Gilroy and Morgan Hill didn’t do so well in the 12th annual State of Tobacco Control 2014 report released Wednesday by the American Lung Association.
Gilroy might feel like torching its tobacco report card after receiving the lowest grade in the county for the second consecutive year.
California voters and the Gilroy City Council could deliver a one-two punch to smokers this week.
During Monday night’s regular meeting at 6 p.m. City Council plans to vote on a proposed ordinance that will prohibit smoking in public parks except for in designated smoking areas.
Talk of a tobacco retailer's license that would levy an annual $150 to $400 fee on approximately 57 liquor, convenience and grocery stores in Gilroy has been snuffed out.
As the city continues to pursue a ban on outdoor smoking in public places, the vast majority of respondents to an online survey say they support such a policy.
Making the case for a new tobacco license fee and smoke-free parks law in Gilroy
1. It’s very clear from the numbers that education is working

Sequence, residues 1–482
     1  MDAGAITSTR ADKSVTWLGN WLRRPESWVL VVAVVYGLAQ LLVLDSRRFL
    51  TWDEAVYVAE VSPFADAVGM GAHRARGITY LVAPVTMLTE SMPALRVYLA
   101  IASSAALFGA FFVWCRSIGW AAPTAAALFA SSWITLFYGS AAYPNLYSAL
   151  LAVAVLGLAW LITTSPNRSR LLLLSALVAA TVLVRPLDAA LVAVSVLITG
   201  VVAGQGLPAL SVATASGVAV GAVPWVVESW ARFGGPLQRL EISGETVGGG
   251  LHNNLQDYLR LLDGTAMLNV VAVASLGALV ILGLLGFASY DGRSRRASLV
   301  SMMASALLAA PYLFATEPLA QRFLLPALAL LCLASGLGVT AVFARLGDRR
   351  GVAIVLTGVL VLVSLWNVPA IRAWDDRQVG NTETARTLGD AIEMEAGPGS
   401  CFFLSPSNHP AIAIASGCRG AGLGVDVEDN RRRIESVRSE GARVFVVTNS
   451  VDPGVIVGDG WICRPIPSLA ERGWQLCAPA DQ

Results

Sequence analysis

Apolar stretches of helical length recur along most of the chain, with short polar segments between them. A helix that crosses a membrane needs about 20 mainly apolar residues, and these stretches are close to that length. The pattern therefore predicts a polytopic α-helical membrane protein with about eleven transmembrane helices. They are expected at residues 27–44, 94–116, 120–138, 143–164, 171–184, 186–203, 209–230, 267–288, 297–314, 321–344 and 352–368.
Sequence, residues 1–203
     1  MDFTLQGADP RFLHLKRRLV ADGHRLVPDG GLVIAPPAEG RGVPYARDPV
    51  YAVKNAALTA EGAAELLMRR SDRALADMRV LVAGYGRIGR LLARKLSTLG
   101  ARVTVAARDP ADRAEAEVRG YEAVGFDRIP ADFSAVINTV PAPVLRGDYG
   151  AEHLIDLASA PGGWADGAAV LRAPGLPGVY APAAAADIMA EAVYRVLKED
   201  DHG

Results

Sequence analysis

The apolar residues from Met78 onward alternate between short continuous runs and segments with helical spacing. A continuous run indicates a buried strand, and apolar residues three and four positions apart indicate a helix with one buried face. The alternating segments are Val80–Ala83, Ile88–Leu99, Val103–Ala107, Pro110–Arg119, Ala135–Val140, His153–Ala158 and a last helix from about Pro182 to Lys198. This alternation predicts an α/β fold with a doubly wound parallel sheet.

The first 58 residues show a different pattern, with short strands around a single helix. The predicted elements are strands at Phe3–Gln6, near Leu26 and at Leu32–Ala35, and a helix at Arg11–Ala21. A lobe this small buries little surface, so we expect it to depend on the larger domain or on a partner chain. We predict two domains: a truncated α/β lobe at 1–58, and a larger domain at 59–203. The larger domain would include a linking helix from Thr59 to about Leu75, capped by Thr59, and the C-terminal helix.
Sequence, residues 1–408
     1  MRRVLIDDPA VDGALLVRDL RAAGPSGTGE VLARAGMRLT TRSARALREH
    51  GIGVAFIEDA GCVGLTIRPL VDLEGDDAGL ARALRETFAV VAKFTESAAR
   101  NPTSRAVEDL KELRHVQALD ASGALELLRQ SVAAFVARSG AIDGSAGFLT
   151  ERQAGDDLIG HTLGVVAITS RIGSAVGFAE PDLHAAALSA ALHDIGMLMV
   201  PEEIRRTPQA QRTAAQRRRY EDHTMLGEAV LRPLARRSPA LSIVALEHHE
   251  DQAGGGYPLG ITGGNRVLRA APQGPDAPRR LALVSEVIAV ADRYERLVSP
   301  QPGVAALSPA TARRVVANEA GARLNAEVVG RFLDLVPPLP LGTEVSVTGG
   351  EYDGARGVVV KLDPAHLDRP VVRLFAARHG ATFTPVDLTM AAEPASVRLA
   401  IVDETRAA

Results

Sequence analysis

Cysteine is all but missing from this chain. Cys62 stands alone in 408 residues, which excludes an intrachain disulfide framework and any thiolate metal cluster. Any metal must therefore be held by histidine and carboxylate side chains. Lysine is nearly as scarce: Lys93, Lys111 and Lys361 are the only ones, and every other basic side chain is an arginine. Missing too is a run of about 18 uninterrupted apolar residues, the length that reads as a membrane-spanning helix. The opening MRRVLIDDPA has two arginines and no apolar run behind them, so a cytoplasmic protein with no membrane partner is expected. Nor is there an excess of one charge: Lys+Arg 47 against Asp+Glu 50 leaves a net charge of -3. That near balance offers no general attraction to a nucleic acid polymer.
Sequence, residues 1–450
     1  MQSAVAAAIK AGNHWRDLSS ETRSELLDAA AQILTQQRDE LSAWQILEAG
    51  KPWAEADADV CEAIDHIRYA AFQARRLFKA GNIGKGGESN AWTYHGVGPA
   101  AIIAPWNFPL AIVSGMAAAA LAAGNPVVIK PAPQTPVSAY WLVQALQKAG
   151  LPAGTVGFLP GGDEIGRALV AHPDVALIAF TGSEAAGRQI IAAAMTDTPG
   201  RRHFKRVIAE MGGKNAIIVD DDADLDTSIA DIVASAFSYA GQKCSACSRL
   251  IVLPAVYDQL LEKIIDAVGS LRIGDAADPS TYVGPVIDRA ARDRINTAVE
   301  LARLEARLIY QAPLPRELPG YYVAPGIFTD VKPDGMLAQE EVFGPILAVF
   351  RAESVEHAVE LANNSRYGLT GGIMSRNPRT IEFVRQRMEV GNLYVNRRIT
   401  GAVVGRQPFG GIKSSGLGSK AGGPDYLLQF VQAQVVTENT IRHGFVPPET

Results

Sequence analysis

• No! I think they should pass a law banning cats, they're messy, they roam and I'm highly allergic! • No. Although I have never smoked and am disgusted by the smell, another layer of making victimless crimes into enforceable laws is burdensome to our already over burdened police department. Gilroy police staff need to spend their time and our tax dollars on more serious crimes. • I'm a non-smoker married to a smoker. My hubby has free reign of our shared outdoor spaces. He leaves the indoor spaces alone. That's how it should be. I don't see why we nonsmokers can't continue to share our community outdoor spaces with our smoking fellow citizens. Is there any medical data to prompt this? Or is somebody's nose out of joint? If Gilroy has its own cigarette tax, I think that will hurt Gilroy merchants as smokers pick up their coffin nails in a lower tax town, say on the way home from work. • Yes. If it works for New York it ought to work here. • No. I hate smoking, hate cigarette butts and second hand smoke, however, I do believe in personal rights and I do not believe government should have a say in a citizen smoking in the park or on a trail. • Noish ... not crazy about it, a little too Big Brother ... but, eventually, I think it will come to that. • No. When will Americans realize that government intervention into their lives has gone far enough. Life, liberty and the pursuit of happiness are being jeopardized by government's relentless thirst for power. • Yes to the banning in public places, but no to the additional tax on retailers as they are providing something that is legal to the public who want it. The tax burden is high enough for retailers, but it is only fair to ban a substance from annoying others in public areas. • No. What benefit is gained from handcuffing citizens and then taxing them at the same time? You tax a retailer and retailer raises prices. Stop this insane thought of grabbing control. Perhaps it is best that the city move to a 3-month in session operation. • Yes. I am tired of smokers infringing on my health and enjoyment of public facilities. • NO! Not only un-enforceable they are un-needed. Negative effects from second hand smoke from outdoor smokers is unlikely. Current cigarette taxes and anti-smoking laws and outreach programs are effective. • Yes. I have been a part of the Healthy Gilroy Campaign along with youth advocates from Gilroy and Mt. Madonna High and several community based organizations. The Healthy Gilroy Campaign also includes the city of Gilroy staff and County Tobacco Prevention. One lady at the senior center has been a smoker for many years and supports the retail license fee because she is raising her grandson and does not want him to have access to tobacco products and suffer health problems like she is experiencing. I think the Dispatch article was really bias and did not get the other point of view just the Chamber of Commerce's.